Many people view doing yoga as just another form of exercise, like aerobics or Pilates or Zumba class. But the true purpose of practicing yoga poses is to help us develop focus, to become more centered in ourselves, more mindful of our actions and words, more observant and accepting of ourselves and others and more able to deal peacefully with the constant chatter of the world and the constant chatter in our own minds. We practice physical yoga "on the mat" so that we can take the spirit of yoga into our daily lives, "off the mat."
So, here is a bit of yogic wisdom that I think applies just as well to writing or any other kind of creativity as to doing yoga poses. In fact, it applies to pretty much every aspect of our lives:
"PRACTICE MAKES PRACTICE."
It's human nature to practice things with the hope of "mastering them." Yoga students are no exception - we secretly hope to eventually be able to do the perfect triangle pose or backbend. But mastery or perfection are not real things, because they are both relative and fleeting. We might find ourselves doing a lovely pose, the best we have ever done. But it will never be perfect, and it will not last longer than the five or ten breaths for which we can hold it.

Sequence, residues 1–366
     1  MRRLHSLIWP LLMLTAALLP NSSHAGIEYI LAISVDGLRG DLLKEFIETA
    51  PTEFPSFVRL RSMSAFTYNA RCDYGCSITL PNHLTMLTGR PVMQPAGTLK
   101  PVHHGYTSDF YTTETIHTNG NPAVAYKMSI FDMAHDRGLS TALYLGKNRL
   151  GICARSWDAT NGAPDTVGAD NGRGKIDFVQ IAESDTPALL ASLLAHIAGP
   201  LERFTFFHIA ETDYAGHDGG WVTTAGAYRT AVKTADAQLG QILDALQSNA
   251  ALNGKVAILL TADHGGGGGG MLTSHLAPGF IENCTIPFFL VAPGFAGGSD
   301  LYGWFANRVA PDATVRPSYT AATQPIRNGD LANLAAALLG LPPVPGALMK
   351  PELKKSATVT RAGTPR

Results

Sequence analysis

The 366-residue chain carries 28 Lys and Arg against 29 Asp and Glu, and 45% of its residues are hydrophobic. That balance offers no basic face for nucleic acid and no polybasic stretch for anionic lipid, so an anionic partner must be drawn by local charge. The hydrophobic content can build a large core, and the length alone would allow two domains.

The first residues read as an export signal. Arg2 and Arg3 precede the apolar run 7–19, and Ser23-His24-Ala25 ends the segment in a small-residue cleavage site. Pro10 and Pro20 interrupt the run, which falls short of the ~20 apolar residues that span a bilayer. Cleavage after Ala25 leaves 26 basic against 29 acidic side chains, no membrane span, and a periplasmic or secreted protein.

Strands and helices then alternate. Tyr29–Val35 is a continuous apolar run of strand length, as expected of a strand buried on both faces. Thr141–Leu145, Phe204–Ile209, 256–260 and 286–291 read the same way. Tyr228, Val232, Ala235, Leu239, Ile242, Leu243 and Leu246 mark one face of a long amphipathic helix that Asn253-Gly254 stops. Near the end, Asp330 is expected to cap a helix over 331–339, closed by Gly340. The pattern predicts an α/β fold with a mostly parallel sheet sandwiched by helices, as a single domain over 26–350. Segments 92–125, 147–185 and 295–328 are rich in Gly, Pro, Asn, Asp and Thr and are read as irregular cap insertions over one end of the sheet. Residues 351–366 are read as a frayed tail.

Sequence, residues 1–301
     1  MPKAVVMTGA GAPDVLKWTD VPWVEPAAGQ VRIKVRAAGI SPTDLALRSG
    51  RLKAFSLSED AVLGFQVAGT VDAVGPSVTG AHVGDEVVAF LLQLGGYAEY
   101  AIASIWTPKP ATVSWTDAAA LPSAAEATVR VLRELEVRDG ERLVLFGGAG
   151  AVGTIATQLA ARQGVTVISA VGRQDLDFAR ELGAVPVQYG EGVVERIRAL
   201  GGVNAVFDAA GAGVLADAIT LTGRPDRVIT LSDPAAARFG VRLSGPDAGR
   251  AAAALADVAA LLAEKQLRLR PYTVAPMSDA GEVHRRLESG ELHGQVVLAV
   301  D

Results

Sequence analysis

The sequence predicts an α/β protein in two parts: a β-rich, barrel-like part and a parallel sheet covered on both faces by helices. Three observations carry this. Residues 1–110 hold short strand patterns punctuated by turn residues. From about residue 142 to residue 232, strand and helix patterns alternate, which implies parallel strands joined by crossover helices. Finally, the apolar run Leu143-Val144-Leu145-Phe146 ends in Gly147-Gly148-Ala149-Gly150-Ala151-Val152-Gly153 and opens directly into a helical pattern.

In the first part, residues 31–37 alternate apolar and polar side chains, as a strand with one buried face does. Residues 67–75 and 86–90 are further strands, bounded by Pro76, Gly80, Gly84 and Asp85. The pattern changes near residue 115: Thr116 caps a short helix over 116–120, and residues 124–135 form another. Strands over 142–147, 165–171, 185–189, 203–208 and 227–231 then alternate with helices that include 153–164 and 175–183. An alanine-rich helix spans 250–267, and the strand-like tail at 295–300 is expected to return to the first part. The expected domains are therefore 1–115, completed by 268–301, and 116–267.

As a writer, I know that the more I write, the better my writing will be. I may have moments when the writing flows and is beautiful and free and uninhibited. I might even come up with what feels to me like a perfect turn of phrase. But my idea of perfection is relative, because yours is most likely different.
So there is no "mastery" or "practice making perfect" in writing, or painting or any other creative endeavor. Neither is there any mastery of life - no amount of practice will enable us to perfectly handle all people and situations with our perfect words and actions. There is only the yoga of life: practice makes practice. You see?
Okay, I have to go practice writing now ...